Honest Thief is a lazy, cheap, and deeply stupid entry in the Liam Neeson crime cinema oeuvre.
With Honest Thief we have yet another entry in the thriving low-energy, low-effort Liam Neeson concern. In this instance, we meet Tom Carter, demolitions expert and retired Marine, who since his discharge has taken up robbing banks. So skilled is he at his newfound craft that he’s stolen over $9 million and been cheekily dubbed — much to his chagrin — the In-and-Out Bandit. One fine afternoon, while looking for a place to house his ill-gotten loot, he’s instantly charmed by Annie, the nice desk clerk at a storage facility, and of course the two fall instantly for each other. There’s just one problem — plagued by a sudden, love-induced attack of conscience, Tom decides he needs to come clean with Annie about his past, return the stolen money, and cut a deal with the Feds for a light sentence so he can maintain his relationship while in the slammer. Enter two sets of dueling FBI guys: by-the-book partners, played by Jeffrey Donovan and Robert Patrick, and the not-so-nice partners, played by Anthony Ramos and Jai Courtney. The former are nonplussed by Tom’s confession and promise of restitution, while the latter see a golden opportunity to steal all his cash.
This requires literally everyone in the movie to suddenly become monumentally stupid. Tom gives up the location of and access to his stash to two obvious bad guys, who even manage to fool Annie into thinking they’re old Marine buddies in a scene so ridiculous you can’t actually believe it’s not being played for a twist, and the bad guys themselves seem to be oblivious to the idea that they might be caught on camera, you know, casually tossing contraband marked bills into the trunk of their service vehicle. By the time they’ve somehow managed to accidentally frame Tom for out-and-out murder, you’ll be wondering both A) what their actual plan is and B) why Tom doesn’t take any of a litany of opportunities to turn himself in and take the two corrupt Fibbies with him.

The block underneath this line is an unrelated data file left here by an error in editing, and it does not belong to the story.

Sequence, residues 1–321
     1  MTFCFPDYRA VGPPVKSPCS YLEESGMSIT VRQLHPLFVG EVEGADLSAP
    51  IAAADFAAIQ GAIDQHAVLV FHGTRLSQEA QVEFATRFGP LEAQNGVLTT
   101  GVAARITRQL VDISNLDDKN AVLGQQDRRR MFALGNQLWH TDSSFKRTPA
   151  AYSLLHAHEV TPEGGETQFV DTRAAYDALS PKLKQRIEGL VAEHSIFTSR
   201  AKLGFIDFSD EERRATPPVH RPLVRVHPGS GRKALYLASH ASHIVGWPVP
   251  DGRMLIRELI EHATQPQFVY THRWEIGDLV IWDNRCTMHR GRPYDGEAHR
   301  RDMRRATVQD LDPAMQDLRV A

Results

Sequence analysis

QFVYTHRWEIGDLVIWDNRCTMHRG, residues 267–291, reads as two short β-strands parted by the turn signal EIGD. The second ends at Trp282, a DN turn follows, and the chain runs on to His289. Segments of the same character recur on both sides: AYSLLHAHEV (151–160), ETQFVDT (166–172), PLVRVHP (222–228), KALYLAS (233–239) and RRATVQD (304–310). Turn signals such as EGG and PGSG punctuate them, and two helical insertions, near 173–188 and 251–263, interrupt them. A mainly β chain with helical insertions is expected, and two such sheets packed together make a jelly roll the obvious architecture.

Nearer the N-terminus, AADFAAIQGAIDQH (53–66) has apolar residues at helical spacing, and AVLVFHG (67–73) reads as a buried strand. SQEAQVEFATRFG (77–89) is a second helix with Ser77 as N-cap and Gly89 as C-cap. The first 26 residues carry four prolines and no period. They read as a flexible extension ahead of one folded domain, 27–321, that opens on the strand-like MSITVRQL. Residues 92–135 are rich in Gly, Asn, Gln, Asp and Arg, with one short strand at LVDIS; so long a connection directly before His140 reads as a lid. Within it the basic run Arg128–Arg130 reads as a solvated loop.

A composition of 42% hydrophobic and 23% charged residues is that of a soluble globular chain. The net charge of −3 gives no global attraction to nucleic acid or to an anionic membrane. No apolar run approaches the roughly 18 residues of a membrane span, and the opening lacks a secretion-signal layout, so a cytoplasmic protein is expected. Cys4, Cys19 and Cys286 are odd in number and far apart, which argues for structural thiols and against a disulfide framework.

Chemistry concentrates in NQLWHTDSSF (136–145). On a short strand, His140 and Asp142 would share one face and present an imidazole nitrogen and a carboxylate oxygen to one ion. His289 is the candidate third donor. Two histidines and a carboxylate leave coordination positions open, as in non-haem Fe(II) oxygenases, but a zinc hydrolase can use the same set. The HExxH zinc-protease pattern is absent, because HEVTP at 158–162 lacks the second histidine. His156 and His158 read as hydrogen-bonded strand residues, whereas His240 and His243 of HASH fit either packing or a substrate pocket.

Neeson doesn’t have to do much to lend this character a little gravity and thoughtfulness, playing his umpteenth righteous criminal. In a few scenes, it’s Jeffrey Donovan who takes over, utilizing some goofy idiosyncrasies like hauling around a cute puppy. But in addition to being merely stupid, Honest Thief is both ugly and cheap, shot as it is in cold wintery greys and blues, with minimal action sequences that squarely belong in the televisual wheelhouse (no surprise given that director Mark Williams is most prominently a writer/producer on Netflix’s Ozark), and even those betray the very obviously thinly-stretched budget. It’s all simply more proof that the Neeson oeuvre is a once-promising cottage industry that offers diminishing returns even while it endures. Neeson will be sleepwalking through this character until he retires.